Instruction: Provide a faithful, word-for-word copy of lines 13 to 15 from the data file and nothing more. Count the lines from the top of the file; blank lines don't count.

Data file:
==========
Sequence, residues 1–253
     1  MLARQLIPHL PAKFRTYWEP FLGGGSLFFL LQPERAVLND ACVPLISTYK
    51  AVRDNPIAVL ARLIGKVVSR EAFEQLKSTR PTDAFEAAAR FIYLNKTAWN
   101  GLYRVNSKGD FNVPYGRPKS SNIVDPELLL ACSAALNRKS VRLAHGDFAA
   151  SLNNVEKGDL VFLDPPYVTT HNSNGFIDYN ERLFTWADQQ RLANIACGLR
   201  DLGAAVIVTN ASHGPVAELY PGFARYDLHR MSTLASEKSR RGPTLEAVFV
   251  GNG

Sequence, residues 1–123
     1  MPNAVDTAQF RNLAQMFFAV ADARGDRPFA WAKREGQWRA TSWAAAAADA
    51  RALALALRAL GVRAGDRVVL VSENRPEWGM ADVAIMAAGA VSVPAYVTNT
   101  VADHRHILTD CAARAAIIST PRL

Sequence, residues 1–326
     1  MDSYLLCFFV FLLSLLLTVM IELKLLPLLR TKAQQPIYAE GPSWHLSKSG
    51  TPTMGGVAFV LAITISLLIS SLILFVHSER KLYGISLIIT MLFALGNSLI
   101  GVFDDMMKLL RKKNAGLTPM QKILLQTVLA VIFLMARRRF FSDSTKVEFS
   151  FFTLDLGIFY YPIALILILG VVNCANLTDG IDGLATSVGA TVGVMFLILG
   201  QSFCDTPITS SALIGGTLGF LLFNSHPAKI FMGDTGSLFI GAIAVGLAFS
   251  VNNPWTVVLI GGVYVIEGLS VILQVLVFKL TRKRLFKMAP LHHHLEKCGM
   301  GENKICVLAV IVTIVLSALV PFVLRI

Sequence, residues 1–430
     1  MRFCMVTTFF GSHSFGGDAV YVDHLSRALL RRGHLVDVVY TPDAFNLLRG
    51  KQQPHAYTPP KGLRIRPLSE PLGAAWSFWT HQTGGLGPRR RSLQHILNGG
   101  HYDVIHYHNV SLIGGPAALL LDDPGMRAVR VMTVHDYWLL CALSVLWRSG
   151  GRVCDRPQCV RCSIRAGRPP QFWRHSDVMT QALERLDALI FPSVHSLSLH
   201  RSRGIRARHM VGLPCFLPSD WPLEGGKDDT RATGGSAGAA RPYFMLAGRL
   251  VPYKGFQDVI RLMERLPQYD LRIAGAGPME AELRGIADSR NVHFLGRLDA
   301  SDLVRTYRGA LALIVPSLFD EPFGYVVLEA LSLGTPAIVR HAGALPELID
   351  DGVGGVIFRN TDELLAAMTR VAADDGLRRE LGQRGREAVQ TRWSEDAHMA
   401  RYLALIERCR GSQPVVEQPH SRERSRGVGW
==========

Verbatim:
     1  MDSYLLCFFV FLLSLLLTVM IELKLLPLLR TKAQQPIYAE GPSWHLSKSG
    51  TPTMGGVAFV LAITISLLIS SLILFVHSER KLYGISLIIT MLFALGNSLI
   101  GVFDDMMKLL RKKNAGLTPM QKILLQTVLA VIFLMARRRF FSDSTKVEFS